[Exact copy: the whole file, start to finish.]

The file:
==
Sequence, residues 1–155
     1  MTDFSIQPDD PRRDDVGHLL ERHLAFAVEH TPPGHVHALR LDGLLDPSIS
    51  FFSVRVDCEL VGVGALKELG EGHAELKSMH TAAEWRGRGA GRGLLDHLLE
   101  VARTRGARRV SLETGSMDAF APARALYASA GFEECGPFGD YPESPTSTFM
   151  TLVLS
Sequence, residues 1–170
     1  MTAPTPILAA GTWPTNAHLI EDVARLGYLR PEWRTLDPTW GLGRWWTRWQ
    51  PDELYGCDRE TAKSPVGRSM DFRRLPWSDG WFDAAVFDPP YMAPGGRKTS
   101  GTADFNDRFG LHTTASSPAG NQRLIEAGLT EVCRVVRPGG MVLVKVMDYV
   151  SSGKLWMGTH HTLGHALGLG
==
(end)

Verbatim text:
Sequence, residues 1–155
     1  MTDFSIQPDD PRRDDVGHLL ERHLAFAVEH TPPGHVHALR LDGLLDPSIS
    51  FFSVRVDCEL VGVGALKELG EGHAELKSMH TAAEWRGRGA GRGLLDHLLE
   101  VARTRGARRV SLETGSMDAF APARALYASA GFEECGPFGD YPESPTSTFM
   151  TLVLS
Sequence, residues 1–170
     1  MTAPTPILAA GTWPTNAHLI EDVARLGYLR PEWRTLDPTW GLGRWWTRWQ
    51  PDELYGCDRE TAKSPVGRSM DFRRLPWSDG WFDAAVFDPP YMAPGGRKTS
   101  GTADFNDRFG LHTTASSPAG NQRLIEAGLT EVCRVVRPGG MVLVKVMDYV
   151  SSGKLWMGTH HTLGHALGLG